Conflict of Interest Policy

Texas Theatre Adjudicators and Officials (TTAO) Adjudicator’s Conflict of Interest Policy

TTAO Adjudicators shall not accept a judging assignment at a contest that would cause a legitimate conflict of interest. TTAO considers the following to officially constitute an Adjudicator conflict of interest for a One-Act Play contest:

1. The Adjudicator has familial relations (by blood, marriage, or other legal arrangement, either current or previous) to any person directly associated with a participating school’s company, directing team, or administration.[1]

2. The Adjudicator knowingly accepts money, gifts, favors, or bribes in exchange for preferential treatment of a contest production.

3. The Adjudicator has worked on or viewed a school’s specific production of a contest play in any capacity before judging it on the day of the contest.

4. The Adjudicator judges a contest for which the school district of their current employment competes. 

TTAO recognizes that some other activities in which an Adjudicator engages, beyond the above outlined restrictions, could lead to a situation where students, school staff members, and/or the general public may wrongly perceive a potential conflict of interest on the Adjudicator’s part. An important note regarding conflicts of interest is that the perception of a potential conflict of interest, does not in itself, provide evidence of an actual conflict of interest or wrongdoing. Given the relatively small size of the educational theatre community in the state, as well as the collaborative nature of educational theatre in and of itself, it proves natural that interactions between judges and representatives from competing schools exist outside of the One-Act Play contest. As long as the above, declared restrictions have not been violated, TTAO does not view these other, outside relationships to constitute conflicts of interest on the Adjudicator’s part. Some examples that do not constitute a conflict of interest might include, but are not limited to, social relationships, former co-worker statuses, and/or other educational or organizational associations.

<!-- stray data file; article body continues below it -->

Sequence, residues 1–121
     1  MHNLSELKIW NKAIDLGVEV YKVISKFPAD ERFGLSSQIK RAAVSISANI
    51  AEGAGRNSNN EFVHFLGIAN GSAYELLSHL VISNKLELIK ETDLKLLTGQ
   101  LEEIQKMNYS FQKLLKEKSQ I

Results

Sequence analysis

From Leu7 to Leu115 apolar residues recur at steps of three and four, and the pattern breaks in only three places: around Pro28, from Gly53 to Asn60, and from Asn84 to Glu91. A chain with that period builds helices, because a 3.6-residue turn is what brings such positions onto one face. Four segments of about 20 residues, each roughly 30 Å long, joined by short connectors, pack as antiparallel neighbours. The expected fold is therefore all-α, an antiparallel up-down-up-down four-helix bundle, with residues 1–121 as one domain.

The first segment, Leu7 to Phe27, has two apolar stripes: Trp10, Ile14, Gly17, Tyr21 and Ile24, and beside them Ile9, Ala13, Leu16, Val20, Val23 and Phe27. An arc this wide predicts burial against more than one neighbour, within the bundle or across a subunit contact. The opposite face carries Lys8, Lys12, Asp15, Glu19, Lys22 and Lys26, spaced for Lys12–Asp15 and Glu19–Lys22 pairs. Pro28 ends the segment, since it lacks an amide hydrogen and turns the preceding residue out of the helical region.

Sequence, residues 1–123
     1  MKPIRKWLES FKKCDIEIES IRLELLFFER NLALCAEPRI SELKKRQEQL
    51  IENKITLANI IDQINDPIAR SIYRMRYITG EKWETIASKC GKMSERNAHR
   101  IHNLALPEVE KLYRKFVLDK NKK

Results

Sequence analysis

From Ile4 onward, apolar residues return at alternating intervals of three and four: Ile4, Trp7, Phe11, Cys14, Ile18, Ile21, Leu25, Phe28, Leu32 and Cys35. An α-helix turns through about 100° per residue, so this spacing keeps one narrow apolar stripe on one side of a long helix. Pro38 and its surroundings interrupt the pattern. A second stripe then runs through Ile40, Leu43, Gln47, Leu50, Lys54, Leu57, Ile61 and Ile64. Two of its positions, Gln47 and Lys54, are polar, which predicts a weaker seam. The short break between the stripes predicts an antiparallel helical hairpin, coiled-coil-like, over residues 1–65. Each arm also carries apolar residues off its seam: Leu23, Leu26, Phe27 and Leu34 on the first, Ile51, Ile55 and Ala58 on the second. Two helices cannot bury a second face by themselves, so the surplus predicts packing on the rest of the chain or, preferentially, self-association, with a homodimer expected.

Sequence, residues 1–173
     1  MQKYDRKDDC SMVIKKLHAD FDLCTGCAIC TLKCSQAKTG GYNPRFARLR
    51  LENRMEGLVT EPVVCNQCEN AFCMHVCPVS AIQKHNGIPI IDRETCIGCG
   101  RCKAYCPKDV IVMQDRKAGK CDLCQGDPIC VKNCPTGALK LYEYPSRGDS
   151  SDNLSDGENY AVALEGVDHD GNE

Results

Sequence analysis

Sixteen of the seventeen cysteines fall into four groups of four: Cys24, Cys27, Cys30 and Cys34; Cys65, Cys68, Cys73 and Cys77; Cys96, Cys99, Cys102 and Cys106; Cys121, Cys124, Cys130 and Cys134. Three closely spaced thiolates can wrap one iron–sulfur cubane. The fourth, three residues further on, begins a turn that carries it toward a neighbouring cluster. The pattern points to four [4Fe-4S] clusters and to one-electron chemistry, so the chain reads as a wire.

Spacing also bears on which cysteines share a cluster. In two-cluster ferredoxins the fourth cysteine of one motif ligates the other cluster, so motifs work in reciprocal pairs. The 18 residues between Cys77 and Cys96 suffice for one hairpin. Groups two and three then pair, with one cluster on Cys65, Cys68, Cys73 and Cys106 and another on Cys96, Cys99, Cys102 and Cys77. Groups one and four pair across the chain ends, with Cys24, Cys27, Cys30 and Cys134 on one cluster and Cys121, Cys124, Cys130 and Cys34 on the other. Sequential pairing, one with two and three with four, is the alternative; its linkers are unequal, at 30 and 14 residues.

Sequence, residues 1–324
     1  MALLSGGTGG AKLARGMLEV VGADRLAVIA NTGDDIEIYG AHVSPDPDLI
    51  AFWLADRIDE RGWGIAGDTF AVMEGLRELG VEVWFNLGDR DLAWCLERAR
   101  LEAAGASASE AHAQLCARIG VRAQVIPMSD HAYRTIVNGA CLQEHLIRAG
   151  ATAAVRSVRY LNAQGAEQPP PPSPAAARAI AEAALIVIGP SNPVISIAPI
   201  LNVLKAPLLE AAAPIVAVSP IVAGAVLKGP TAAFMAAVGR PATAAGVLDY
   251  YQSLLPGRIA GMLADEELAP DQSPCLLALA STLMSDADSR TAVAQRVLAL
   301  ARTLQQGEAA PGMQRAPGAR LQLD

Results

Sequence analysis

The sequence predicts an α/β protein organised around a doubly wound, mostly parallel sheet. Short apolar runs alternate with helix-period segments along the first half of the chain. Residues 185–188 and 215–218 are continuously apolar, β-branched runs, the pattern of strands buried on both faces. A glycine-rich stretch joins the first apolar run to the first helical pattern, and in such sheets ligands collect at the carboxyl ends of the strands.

TTAO trusts its Certified Adjudicators as accomplished professionals with integrity who practice the highest the highest ethical standards in One-Act Play adjudication. Thus, it is the responsibility of the Adjudicator to notify the UIL State Theatre Director immediately if any relationship exists that the Adjudicator feels would impair their ability to fairly and impartially adjudicate an assigned and/or contracted contest.

[1] See more on affinity or consanguinity as defined in Government Code 573, Subchapter B.